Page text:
It’s finally time for the new season of Black Mirror, one of the most popular tv shows of last years. The release date has finally been announced: the new episodes will be on Netflix starting from December 29th, 2017.
Basing on latest Brooker’s statements, “all the new episodes in the fourth season all feel very different – there are things we’ve not yet explored and genres we haven’t tackled.” And since some days we have also the official trailers. Stream them below, together with the details about every single episode of Black Mirror Season 4, as revealed by the producer Annabel Jones on this exclusive interview at The Independent.
Episode one: Crocodile
Crocodile is a beautiful, more personal study. It’s set in Iceland which introduced a totally new palette – one of the privileges of doing Black Mirror is the opportunity to create different worlds and moods and tones. It’s a film set in the near future where your memories are no longer private so they can be dredged – sometimes in helpful ways. It’s very different to [season one episode] The Entire History of You in that they’re not accurate – they’re memories rather than recordings. We follow Andrea Riseborough, a woman trying to solve a dilemma…
Episode two: ArkAngel
So this one’s like an indie movie set in blue-collar America, even though we filmed it in Canada. It follows a mother who has a young daughter and faces that perennial question of how to look after a child in an increasingly technical world; it taps into helicopter parenting… I always hope that whatever we tackle, it’s never on the nose and just more in the background but this episode asks how do you be a responsible mother in a world in which you can be all-powerful and omnipresent? How do you exercise responsibility? How do you ensure you give your child independence in a world in which you can have a lot of control? Charlie’s very technical – I’m a little bit technical – but none of these stories really ever have technology screaming down the lens. ArkAngel is a very human story. It was a really harmonious production and watching [director] Jodie Foster with the young actors was just a joy to behold.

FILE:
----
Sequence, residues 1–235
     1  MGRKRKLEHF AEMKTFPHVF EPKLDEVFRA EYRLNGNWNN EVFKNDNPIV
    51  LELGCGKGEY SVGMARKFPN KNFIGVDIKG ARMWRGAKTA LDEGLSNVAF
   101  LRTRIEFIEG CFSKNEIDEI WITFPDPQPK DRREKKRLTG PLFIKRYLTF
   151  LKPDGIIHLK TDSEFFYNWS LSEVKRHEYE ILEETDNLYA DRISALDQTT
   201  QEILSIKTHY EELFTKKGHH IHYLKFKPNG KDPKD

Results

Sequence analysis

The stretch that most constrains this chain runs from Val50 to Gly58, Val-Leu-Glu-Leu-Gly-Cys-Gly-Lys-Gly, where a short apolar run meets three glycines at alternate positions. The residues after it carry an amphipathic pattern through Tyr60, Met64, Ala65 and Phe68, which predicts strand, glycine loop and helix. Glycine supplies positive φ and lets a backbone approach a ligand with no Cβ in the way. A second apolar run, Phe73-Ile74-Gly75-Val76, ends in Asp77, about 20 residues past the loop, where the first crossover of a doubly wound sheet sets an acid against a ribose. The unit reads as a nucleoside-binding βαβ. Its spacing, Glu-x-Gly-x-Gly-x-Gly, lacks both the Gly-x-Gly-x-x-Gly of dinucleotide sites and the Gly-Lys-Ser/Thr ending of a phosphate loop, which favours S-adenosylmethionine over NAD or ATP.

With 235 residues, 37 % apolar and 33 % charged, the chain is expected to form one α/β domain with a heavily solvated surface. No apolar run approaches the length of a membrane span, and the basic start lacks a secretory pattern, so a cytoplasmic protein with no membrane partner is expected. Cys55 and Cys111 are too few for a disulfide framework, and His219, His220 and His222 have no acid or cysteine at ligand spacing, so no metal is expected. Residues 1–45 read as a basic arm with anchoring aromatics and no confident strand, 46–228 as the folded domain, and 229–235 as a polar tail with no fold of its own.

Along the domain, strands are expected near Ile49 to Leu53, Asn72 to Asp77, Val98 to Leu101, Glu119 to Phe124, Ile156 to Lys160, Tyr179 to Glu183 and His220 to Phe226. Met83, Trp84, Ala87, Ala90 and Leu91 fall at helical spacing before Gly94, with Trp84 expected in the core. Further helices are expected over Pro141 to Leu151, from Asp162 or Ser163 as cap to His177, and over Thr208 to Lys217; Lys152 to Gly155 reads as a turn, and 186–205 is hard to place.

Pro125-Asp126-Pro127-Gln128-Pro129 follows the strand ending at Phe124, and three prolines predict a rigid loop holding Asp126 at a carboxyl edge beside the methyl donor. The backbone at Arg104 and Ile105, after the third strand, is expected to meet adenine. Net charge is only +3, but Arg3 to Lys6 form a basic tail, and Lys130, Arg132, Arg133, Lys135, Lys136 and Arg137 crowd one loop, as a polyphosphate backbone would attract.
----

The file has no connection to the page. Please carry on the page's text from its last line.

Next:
Episode three: Hang the DJ
Hang the DJ doesn’t look contemporary but some of the observations and scenes that it tackles are… pertinent to the contemporary dating scene. It involves a lot of comedic moments. There’s quite a lot of sex in it – not a huge amount, but come on, who’s complaining? It’s funny, it feels real, and has that ‘Nosedive’ feel – a very alternative reality visual to it. You don’t know where you are or what world it is, but very quickly that becomes background – you’re just there with the characters, you’re seeing what they’re experiencing. I think there is a lot of comedic wry observations in the protagonist’s story that people will enjoy. It’s beautifully acted by Georgina Campbell and Joe Cole. People will enjoy this one with a little smile.
Episode four: USS Callister
USS Callister is a space opera. The challenges of trying to create that world, and obviously getting to play with the genre, opened a whole new opportunity. But I think we’ve put a clever spin on it. It’s a romp – it’s big and ambitious with lots of CG. It’s an absolute visual feast and really high octane. There are obviously more unsettling, poignant and slightly more melancholic moments, but at the same time, it is a romp. It’s such a treat for a filmmaker to be making a film this epic.
Episode five: Metalhead
This film is in black and white which is a new thing for Black Mirror but it feels the creative decision was earned by the world we’re portraying.
Episode six: Black Museum
Black Museum is absolute popcorn. It’s three stories in one – a portmanteau-type thing – but absolutely full of ideas that whip along and before you know it you’re at the end of a 90-minute film and you’re like, “Oh my God, can you please stop? This is horrendous – stop throwing me these things!” It’s just unrelenting. It was the last we did in terms of shooting.